In all our sanctuaries we sit at risk

Severn Shorts


I am getting to know the River Severn. A longish poem about it is already up among the “collected works” on the right (“Of My Neighbour the Severn”)

Here below are some later brief impressions, or experiences, of the Severn’s nature.

The picture above was taken by Nicola Knoop.



  And I did a silly thing      

         (at Arlingham)


And I did a silly thing

and I’m ashamed of it now

I carried my son across the river

where the ford used to be

but I got it wrong

and crossed a few yards

too far down and suddenly

felt nothing underfoot no

passage and the water

pulled at us with shocking force

but I found my way

out of our trouble

by swimming like crazy

and so I hauled us

onto the far bank, blowing hard.

And this old man was sitting

right there on a bench

and he’d been watching us

and he pointed at the church close by 

and said : that graveyard there

is full of silly buggers like you.


The poem above is an approximate record of a story told me by the swimmer, elderly now.


                  The Severn Bore

                    near Framilode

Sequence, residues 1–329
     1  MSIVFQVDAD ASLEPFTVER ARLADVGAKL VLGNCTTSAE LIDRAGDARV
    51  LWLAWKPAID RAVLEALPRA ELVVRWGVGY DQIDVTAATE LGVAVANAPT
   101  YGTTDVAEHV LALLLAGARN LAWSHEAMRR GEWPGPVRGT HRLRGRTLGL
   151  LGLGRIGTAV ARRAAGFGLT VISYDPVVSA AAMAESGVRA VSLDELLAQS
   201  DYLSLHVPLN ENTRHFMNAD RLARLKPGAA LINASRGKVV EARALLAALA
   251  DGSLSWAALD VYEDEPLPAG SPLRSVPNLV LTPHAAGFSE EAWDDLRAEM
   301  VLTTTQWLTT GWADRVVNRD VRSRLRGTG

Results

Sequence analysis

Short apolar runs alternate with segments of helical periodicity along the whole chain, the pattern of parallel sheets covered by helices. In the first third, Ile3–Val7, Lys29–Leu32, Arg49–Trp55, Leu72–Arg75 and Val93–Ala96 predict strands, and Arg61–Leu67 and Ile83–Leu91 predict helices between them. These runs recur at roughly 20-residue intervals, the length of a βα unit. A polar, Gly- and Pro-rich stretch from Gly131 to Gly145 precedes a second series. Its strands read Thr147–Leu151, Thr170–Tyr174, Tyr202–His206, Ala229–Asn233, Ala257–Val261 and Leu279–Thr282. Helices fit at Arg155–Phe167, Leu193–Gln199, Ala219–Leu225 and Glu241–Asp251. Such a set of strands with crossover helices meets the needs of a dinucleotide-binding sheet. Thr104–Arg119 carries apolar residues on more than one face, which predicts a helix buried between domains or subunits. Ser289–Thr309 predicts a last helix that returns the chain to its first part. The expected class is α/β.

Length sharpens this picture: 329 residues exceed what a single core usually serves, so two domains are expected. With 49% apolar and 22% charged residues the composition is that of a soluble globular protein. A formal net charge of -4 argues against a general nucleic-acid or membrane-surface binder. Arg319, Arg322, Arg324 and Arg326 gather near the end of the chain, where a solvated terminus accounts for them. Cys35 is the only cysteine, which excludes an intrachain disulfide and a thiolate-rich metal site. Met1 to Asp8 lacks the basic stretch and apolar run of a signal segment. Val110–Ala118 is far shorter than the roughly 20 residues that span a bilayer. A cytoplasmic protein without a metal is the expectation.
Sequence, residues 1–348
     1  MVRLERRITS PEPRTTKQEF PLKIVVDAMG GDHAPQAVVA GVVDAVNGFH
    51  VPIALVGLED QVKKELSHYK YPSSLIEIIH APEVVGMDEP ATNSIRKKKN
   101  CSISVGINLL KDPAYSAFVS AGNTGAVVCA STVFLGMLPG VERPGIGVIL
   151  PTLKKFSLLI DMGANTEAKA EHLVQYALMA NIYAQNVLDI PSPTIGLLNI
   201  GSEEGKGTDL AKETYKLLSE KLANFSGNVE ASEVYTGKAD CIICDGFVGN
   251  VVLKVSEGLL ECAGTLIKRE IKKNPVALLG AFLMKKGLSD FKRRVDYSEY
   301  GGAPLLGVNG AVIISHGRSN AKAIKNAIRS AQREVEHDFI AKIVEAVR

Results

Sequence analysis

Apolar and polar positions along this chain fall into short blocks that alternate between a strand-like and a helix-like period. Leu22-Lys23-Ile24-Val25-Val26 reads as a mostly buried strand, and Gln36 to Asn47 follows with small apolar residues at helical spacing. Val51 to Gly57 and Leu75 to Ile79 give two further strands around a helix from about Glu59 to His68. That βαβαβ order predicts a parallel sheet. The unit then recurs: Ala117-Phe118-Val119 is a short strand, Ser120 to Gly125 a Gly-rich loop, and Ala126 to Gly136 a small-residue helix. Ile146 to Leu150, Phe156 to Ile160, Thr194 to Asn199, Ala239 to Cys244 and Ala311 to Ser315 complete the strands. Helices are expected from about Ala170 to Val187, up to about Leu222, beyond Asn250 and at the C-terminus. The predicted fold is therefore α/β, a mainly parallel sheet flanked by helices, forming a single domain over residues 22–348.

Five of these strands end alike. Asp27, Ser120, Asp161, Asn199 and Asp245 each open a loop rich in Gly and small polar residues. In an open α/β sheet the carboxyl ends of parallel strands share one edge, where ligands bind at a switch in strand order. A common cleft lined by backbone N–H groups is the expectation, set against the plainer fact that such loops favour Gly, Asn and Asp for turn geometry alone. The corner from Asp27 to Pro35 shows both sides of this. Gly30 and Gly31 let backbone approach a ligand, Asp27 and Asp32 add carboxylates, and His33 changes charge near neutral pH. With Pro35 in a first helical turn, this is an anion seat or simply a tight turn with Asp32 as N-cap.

Sometimes the Severn shakes itself like a hound

to cast off that mud, those millenia,

those furies pent, but we see only

the wrinkles along its back

escape and race at speed towards Gloucester

pursued by excited surfers and photographers

and the occasional poet, with crowds roaring

along its bank, until at last

the whole arrangement settles back in place again

and the sea-gulls relax and resume their squabbles

and the currents and cross-currents return

to their accustomed turmoils and all the arguments

we know so well continue where they left off.


             The Ravening Flood

                      near Aust


My picture of rivers is Wind

In the Willows, the Itchen through Winchester,

the Test through Stockbridge – all clarity,

gurgle and fishing rights. My kind of river

penetrates the Hampshire style of countryside,

twinkling politely as it goes. Saint Cross ,

for example – good for picnics. The swans there agree.

Enjoy your sandwiches, they say. We’ll pose for you

among the reeds. The Severn has never learned

polite, only powerful, disordered,

multiple and muddy, and when the time

comes to become Atlantic, it surges

into the grey salt water like a ravening flood

arriving home.


                                                                        Rogan Wolf